Photo Insight with Jim Brandenburg
Jim Brandenburg travelled the world as a photographer with National Geographic magazine for more than 30 years. His work has been published in The New York Times, Life and Time, among others, and he has won numerous awards, including Kodak Wildlife Photographer of the Year by the Natural History Museum and BBC Wildlife Magazine. He is the chair of this year’s competition. Every month Jim will share the story behind one of his nature images
One of the magical things about the camera is that it can record subjects accurately and in great detail. For this reason, photography often leads people down a literal path where they want to show something exactly as it appears. However, a camera can also be used like a paintbrush – you can shoot in a more creative, abstract way and leave things to the viewer’s imagination. I believe this approach often makes a picture more distinctive and powerful.
When you’ve been shooting for many years, as I have, your visual language can get clouded and messed up by too much thinking. Nevertheless, I believe that anyone can get into a more creative way of shooting, from amateurs to seasoned professionals, so long as you have good visual sense and you’re willing to take chances. You just have to trust your instincts and allow yourself to discover as you shoot.
This image of a zebra is one where I just pulled up the camera and made a shot quickly – probably just one frame – and moved on. It was all done in a flash and I have no memory of thinking about shooting it. Looking at it now, I’d say it was an edgy picture that came straight from my gut.
I shot it while on assignment for National Geographic in Africa in the late 1990s. This is not the kind of image that the magazine’s editors would have chosen to publish back then. Today they might, but at that time they were much more literal. It’s an image I would have shot just for myself and was not part of the assignment.
Zebras are extraordinary creatures and I know of no other animal that has such a remarkable pelt. There are some others that are very beautiful and amazing, but zebras have the most striking markings. For them, it’s camouflage, but from our point of view, the black & white stripes look very graphic and that’s what I was playing with in this picture.
I simply isolated the stripes from everything else about the zebra, such as its head, legs and tail, but rather than going in close on the stripes and doing a tight shot, I chose to crop it in a way that is suggestive of the animal as a whole.
I used a Nikon F3 with a 600mm lens and Kodachrome film. It was taken late in the day. Using a long lens with the aperture wide open has resulted in a relatively shallow depth of field. The zebra’s backside is in focus, but as you go closer to the front of the animal it gets slightly softer. It was standing with its head under some trees, and this area of shadow, combined with the fact that I was underexposing by about 3 stops, has led to the zebra’s front half disappearing into darkness.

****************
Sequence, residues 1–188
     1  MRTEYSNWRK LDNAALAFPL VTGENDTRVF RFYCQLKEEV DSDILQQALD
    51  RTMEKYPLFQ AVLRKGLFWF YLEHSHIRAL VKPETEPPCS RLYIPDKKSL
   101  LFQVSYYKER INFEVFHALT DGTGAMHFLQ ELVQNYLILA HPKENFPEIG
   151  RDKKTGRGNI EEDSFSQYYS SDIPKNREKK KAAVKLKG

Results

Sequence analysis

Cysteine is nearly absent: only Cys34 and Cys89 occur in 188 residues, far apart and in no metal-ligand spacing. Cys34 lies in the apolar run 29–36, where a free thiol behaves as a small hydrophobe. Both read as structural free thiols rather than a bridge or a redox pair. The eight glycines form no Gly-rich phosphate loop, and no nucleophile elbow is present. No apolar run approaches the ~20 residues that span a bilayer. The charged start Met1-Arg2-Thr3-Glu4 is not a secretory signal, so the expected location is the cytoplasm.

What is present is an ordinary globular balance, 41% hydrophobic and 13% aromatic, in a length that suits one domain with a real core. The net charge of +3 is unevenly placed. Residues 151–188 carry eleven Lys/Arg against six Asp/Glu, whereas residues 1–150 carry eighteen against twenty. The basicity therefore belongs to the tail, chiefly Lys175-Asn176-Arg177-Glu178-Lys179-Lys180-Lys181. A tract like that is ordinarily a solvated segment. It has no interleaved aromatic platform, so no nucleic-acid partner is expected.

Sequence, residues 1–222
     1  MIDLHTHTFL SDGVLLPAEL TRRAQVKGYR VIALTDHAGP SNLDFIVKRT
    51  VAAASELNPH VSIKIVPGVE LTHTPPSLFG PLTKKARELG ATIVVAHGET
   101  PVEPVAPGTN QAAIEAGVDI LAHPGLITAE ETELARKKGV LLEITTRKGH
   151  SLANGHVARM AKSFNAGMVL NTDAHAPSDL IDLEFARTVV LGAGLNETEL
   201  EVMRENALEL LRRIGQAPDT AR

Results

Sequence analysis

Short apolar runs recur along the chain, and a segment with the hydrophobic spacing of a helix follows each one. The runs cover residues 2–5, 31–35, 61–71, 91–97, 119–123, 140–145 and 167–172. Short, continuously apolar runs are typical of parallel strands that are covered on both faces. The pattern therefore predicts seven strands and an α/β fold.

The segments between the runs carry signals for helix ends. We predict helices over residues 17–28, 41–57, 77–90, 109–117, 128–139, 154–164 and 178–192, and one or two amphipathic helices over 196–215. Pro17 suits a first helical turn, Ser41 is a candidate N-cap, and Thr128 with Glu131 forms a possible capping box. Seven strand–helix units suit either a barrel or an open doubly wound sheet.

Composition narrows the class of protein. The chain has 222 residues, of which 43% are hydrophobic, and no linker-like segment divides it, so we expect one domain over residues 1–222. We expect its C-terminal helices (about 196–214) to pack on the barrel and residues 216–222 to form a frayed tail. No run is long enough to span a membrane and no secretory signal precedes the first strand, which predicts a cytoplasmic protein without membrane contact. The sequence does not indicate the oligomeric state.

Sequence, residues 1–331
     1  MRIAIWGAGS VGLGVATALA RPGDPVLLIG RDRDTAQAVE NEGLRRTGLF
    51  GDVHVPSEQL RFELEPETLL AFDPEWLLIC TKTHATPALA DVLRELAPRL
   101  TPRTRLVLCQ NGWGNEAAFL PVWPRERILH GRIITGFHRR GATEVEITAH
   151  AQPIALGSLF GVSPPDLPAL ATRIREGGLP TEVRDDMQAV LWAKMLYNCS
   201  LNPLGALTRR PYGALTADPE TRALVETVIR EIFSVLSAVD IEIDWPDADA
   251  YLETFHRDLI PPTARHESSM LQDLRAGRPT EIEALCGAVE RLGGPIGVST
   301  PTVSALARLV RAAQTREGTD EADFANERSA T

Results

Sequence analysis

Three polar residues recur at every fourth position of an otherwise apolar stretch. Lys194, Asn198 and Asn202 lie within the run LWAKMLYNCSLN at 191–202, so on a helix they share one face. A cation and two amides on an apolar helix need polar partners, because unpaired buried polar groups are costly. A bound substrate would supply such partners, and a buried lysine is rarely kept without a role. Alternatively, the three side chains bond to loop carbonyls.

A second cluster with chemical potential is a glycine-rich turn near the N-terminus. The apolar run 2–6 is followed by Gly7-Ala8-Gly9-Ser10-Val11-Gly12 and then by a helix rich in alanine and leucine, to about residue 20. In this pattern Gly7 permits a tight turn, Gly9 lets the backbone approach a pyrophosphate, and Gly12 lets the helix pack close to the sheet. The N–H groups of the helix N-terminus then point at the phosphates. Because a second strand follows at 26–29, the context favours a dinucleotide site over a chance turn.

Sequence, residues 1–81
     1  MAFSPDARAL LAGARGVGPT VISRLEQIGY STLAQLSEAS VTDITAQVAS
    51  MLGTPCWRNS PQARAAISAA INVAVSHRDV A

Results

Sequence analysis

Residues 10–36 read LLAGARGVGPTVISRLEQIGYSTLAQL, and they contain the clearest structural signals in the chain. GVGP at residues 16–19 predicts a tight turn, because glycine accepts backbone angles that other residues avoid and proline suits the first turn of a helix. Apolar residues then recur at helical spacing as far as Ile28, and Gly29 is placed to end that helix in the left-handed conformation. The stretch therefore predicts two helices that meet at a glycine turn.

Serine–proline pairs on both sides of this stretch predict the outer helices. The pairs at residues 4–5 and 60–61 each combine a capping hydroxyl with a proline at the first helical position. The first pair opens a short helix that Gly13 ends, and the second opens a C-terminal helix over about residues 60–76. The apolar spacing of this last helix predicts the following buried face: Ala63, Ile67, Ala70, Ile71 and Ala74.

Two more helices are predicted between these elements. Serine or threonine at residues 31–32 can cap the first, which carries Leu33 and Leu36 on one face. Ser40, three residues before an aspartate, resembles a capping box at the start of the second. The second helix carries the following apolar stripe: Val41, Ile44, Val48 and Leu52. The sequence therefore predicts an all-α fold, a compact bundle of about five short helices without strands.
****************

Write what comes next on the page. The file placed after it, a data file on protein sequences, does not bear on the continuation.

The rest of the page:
The image’s contrast will have been slightly increased at the scanning and printing stages. Kodachrome is quite a contrasty film anyway, but sometimes when you scan a transparency it doesn’t translate as pure black, so I’ll have tweaked it a little in Photoshop to make it darker. This may have increased the shadow area a little, although I think the original would be pretty close to the final image you see here.
The key aspects of this image lie in the lighting and framing, both of which are influenced by the Dutch artist Rembrandt. My background is in painting and art history, and dramatic lighting was well used by painters of Rembrandt’s era. I wouldn’t have been aware of this influence at the time I was shooting, but it would have happened subconsciously.
The use of empty or ‘negative’ space, is crucial to the photograph’s overall effect. If I’d done a nice classic crop of the animal and the patterns, it would have been a throwaway picture. Leaving the large area of black at the top and towards the left-hand side lends it an element of mystery.
This image breaks almost every formal rule of photography that you might learn in a manual, yet it works. It reminds me of another of my best-known images, a wolf peeking from behind a tree, which is successful for the same reasons. It is cropped uncharacteristically, with most of the animal hidden, and there’s a lot of negative space. It breaks the same rules as this photograph and has the same effect.
If I could pass on one thing to other photographers that I’ve learned, I would like to inspire people to take chances when making pictures and to trust their subconscious instincts. So many photographers get caught up with equipment and creating pictures that are sharp and compositionally balanced that they lose their natural photographic language, which can speak in a truer and purer form.
I can’t guess at the number of my photographs that have resulted from shooting just one frame in passing, without really thinking about it. Afterwards, though, when I look back over the results of my shoots, these are often the really special pictures.
Jim Brandenburg was talking to David Clark
To see more of Jim’s images visit www.jimbrandenburg.com